Fact Sheet - Contagious Equine Metritis
What is contagious equine metritis?
Contagious equine metritis (CEM) is a transmissible venereal disease in horses, caused by the bacterium Taylorella equigenitalis . CEM is highly contagious and can have a devastating effect on equine reproduction. This disease only affects horses, however all breeds are susceptible.
Is CEM a risk to human health?
No. There is no human health risk associated with CEM.
What are the clinical signs of CEM?
Stallions do not usually show any clinical signs of infection. However, the infected stallion remains capable of transmitting disease.
In mares, initial exposure to the disease usually results in a large amount of vaginal discharge 12 to 14 days following natural breeding with an infected stallion. The disease can cause infertility and, on rare occasions, abortion. The severity of disease in mares varies. There are two states of infection:
Active state: The main outward sign is a vaginal discharge which may range from very mild to extremely prolific.
Carrier state: There are no outward signs of infection; however, the mare remains capable of transmitting infection.
Where is CEM found?
CEM has never been detected in Canada but does exist primarily in non-thoroughbred populations throughout the world.
How is CEM transmitted and spread?
The disease is primarily spread directly during natural breeding. Infected stallions tend to be the major source of infection, as they can harbour the disease for years without showing any clinical signs.
CEM can be transmitted indirectly to mares and stallions via contaminated instruments and equipment such as tail bandages, buckets, sponges and gloves. The disease can also be transmitted via artificial insemination. It is advisable to maintain strict hygiene when handling and breeding mares and stallions to prevent disease transmission.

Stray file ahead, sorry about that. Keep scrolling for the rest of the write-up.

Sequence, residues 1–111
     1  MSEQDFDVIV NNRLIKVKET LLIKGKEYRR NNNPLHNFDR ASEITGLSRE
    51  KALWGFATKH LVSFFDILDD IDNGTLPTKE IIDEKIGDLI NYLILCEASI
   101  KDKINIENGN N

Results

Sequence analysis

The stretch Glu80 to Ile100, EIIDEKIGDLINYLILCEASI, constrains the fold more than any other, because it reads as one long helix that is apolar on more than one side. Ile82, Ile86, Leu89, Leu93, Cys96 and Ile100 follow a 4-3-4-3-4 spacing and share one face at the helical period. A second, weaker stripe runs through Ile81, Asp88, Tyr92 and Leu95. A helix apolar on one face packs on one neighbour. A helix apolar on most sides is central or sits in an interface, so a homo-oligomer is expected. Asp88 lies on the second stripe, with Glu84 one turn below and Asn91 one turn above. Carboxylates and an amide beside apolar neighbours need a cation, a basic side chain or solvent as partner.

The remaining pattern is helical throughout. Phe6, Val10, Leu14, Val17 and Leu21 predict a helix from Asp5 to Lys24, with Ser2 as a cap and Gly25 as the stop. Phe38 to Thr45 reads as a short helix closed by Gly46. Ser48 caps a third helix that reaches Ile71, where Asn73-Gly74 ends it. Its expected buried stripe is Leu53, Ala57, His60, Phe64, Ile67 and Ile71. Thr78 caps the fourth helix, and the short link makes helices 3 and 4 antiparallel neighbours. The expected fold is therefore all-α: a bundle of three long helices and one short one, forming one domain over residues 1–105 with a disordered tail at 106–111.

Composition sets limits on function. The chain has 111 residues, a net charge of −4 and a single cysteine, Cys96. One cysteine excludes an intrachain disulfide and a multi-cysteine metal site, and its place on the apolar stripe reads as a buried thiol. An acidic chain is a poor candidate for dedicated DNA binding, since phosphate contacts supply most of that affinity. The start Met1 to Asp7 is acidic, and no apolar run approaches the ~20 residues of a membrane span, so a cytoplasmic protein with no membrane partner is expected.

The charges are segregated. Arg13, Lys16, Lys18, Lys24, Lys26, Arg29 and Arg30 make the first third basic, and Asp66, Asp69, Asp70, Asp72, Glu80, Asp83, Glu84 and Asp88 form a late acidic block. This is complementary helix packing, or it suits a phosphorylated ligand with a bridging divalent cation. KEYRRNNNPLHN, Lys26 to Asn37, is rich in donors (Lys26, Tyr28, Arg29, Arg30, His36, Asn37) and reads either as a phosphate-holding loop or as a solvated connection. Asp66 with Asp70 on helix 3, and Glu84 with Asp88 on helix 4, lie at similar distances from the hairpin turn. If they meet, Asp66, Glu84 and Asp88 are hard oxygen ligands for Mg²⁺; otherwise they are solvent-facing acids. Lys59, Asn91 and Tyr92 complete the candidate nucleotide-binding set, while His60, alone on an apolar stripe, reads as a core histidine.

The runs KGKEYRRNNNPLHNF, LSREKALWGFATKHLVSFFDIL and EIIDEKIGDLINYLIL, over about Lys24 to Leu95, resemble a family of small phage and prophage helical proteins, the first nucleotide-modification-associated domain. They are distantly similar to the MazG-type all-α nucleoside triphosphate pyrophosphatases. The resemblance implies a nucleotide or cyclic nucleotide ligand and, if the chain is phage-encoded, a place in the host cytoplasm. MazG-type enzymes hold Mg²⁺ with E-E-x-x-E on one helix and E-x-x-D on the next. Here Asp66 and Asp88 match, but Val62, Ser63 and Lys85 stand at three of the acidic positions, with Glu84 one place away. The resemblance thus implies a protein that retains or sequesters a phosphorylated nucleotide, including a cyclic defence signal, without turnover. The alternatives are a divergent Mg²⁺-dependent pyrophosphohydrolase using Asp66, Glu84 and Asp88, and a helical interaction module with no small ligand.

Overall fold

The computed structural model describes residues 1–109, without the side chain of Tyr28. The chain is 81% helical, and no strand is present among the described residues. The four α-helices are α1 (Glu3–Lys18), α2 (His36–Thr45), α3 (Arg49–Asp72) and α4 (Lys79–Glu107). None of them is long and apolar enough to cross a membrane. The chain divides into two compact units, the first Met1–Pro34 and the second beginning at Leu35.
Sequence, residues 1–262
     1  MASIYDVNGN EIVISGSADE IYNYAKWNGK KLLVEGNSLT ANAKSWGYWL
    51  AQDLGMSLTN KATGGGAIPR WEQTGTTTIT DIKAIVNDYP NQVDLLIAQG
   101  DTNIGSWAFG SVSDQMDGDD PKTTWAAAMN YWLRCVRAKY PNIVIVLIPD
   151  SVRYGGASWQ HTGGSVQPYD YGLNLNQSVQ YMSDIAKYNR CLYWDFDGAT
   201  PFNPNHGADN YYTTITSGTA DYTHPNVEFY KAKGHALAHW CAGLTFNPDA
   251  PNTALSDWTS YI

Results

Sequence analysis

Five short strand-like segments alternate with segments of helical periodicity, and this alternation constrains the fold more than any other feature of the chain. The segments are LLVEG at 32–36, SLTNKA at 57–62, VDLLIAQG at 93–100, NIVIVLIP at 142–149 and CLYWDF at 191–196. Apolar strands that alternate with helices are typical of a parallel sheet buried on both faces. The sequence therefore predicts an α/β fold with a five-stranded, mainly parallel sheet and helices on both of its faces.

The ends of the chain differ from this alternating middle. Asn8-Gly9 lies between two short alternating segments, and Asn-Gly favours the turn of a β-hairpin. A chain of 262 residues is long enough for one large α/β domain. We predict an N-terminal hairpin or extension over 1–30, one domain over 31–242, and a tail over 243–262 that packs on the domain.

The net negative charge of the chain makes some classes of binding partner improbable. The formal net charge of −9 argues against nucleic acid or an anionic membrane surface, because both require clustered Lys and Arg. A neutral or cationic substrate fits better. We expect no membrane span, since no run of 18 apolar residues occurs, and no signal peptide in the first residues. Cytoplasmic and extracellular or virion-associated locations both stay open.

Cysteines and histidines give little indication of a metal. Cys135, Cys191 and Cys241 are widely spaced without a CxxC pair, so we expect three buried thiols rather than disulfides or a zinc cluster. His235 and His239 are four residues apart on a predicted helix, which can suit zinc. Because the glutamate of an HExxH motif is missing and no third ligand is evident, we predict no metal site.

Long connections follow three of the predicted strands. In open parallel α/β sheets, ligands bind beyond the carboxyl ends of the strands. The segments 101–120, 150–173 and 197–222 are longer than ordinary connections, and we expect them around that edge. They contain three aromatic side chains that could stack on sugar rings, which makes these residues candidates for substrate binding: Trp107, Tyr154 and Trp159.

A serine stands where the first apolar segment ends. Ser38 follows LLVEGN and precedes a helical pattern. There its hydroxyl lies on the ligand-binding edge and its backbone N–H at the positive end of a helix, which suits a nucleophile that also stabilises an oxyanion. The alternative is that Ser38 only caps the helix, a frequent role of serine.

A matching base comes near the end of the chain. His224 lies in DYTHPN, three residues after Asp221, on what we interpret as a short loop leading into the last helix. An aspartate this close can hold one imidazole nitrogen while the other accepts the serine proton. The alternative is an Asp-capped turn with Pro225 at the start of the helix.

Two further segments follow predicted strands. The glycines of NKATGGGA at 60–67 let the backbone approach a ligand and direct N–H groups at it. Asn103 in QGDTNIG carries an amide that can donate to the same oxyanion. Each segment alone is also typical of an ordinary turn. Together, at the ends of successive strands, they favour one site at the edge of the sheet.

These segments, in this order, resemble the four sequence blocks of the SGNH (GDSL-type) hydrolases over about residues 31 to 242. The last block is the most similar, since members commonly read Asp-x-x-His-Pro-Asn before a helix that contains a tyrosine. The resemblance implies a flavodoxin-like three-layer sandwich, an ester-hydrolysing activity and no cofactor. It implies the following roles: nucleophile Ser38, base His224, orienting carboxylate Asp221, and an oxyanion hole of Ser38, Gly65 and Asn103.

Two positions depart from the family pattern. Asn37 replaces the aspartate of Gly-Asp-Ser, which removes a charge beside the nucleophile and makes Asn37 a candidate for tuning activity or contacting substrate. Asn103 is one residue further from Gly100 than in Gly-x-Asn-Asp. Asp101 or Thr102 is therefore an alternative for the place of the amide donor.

How is CEM diagnosed?
CEM is suspected when multiple mares that are bred by the same stallion experience short-term infertility and have vaginal discharge. Laboratory testing is needed to confirm the diagnosis.
How is CEM treated?
In most cases, CEM can be successfully treated with disinfectants and antibiotics. While one course of treatment may be sufficient in a stallion, it may take several months before the CEM organism can be successfully treated in a mare. Once the organism has been eliminated, the horse may be used for breeding again.
What is being done to protect Canadian horses from CEM?
All horses of breeding age that are imported into Canada, from countries where CEM is endemic, must be tested for the disease before entering Canada. After entry into Canada, both stallions and mares are quarantined, where they undergo further extensive testing.
CEM is a "reportable disease" under the Health of Animals Act. This means that all suspected cases must be reported to the Canadian Food Inspection Agency (CFIA) for immediate investigation by inspectors.
How would the CFIA respond to an outbreak of CEM in Canada?
Canada's emergency response strategy to an outbreak of CEM would be to:
- eradicate the disease; and
- re-establish Canada's disease-free status as quickly as possible.
In an effort to eradicate CEM, the CFIA may employ some or all of the following disease control methods:
- the treatment of infected horses;
- surveillance and tracing of potentially infected or exposed animals;
- strict quarantine and animal movement controls to prevent spread;
- strict decontamination of infected premises; and
- zoning to define infected and disease-free areas.
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